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dEATH in dAVOS Kindle Edition
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Top customer reviews
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Sandom Is five steps ahead of a loose set of nefarious (but can't-help-but-love-'em) nerds whose goal is to level global income inequality and have some fun doing it.
Robin Beauvais, a preternaturally brilliant young Haitian woman, is one of them. A popular blogger, she worms her way into the World Economic Forum in Davos to settle some old and deep scores with the global 1%, whose wealth insulates them from their serious criminal activity and what ought to be the pursuit of justice.
That she's developed an app to remove some of these folks and accommodate her own revenge makes for riveting reading, although I do worry that she doesn't get much sleep.
Throughout the novel, Sandom interjects well analyzed and shocking facts about global income inequality that will leave you boiling with indignation. But have faith. His scenario or something close to it will certainly happen and attract the serious attention of the world at last.
by J.G. Sandom
You can follow Sandom through social networks to learn his interests, his beliefs and anticipate his creative efforts much as his fictional character Robin Beauvais tracks the targets of her serial obsessions.
By mirroring the class separation of our real world, dEATH in dAVOS infuses the reader's imagination with the plight of the unprivileged and disenfranchised. Sandom's protagonist, a tech savvy killer, lives with a primordial instinct of justice for enemies who divide cultures with racism and ideology to execute their diabolical greed. Robin Beauvais delivers.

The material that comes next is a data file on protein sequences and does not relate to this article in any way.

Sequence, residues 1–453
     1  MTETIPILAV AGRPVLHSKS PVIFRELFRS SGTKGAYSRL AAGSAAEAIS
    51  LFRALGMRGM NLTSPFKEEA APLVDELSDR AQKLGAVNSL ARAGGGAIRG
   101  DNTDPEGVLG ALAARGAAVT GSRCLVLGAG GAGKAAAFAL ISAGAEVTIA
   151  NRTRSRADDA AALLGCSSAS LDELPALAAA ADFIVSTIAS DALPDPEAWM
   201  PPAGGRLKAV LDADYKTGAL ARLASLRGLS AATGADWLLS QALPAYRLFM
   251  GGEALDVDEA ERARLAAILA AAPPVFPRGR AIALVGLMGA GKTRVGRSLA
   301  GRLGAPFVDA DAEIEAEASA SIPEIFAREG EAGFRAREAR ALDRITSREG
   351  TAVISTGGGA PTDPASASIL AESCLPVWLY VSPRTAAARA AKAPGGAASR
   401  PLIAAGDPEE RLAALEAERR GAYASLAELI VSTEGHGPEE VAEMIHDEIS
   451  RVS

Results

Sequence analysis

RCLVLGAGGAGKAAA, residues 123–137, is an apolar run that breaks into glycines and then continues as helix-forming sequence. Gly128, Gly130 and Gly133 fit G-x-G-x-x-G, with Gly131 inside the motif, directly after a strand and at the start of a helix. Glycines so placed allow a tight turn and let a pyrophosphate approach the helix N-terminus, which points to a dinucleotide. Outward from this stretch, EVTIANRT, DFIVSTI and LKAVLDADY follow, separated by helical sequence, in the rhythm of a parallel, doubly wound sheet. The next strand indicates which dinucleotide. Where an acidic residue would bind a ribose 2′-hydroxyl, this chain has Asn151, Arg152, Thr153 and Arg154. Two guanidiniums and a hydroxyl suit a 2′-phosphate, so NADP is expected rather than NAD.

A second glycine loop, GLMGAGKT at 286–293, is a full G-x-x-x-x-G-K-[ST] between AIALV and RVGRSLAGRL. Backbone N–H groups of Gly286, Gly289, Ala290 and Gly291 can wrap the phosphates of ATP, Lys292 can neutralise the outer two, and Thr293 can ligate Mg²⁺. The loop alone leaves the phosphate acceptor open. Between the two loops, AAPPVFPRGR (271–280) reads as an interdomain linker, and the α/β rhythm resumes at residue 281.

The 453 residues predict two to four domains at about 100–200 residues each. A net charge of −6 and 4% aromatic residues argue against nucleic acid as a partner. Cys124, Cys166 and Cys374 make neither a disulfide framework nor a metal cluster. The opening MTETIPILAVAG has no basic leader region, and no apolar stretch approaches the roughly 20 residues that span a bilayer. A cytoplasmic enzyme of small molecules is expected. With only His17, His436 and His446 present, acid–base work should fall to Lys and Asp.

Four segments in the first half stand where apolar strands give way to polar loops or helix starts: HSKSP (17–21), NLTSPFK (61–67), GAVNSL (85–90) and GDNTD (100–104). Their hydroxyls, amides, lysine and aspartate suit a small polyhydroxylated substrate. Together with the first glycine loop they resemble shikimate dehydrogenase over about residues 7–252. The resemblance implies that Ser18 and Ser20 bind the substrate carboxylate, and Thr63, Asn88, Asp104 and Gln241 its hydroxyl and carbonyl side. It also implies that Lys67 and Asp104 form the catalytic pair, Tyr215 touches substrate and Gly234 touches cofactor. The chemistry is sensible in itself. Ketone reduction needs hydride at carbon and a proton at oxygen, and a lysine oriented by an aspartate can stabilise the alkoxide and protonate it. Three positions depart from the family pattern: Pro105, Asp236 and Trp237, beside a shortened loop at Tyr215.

quit waiting for a handout or a hand up and get up themselves and do
what they can to improve their lives. Getting a job that pays minimum
wage is a good start and doing that job the best they can and being
honest will soon lead to a better higher paying job. Every job is a good
reference. It takes time but can be achieved by anyone that takes a personal interest in themselves.
By setting his latest novel in Davos, Robin's originality is made all the more prominent and satisfying as she subverts a world of skiing, carousing and influence where white men are of course the normal denizens. But her ethnicity is only part of her story. A tech savvy 17 year old, Robin's essence springs more from her generational voice as she encounters a world where all the dice are loaded against her as she must make sense of it on her own terms.
And we must make sense of it along with her. Well researched, "Death in Davos" also tackles some of the intricacies of the Swiss security apparatus enough to ground us in reality. And of course the heartbreaking truth to this fiction is that reality is far more grotesque where issues of global capital and economic inequality are concerned. In this context one finds themselves snickering at her cleverness and rooting for the assasin as Robin befriends the Swiss inspector Celine Hirsch who is also portrayed with entertaining sensitivity.
Death in Davos is an ambitious novel where Sandom crosses the boundaries of race and gender with aplomb. In doing so, the author tackles important issues, heavy as a sledge hammer, delivered here with a light touch and in a story that once you start, you can't put down.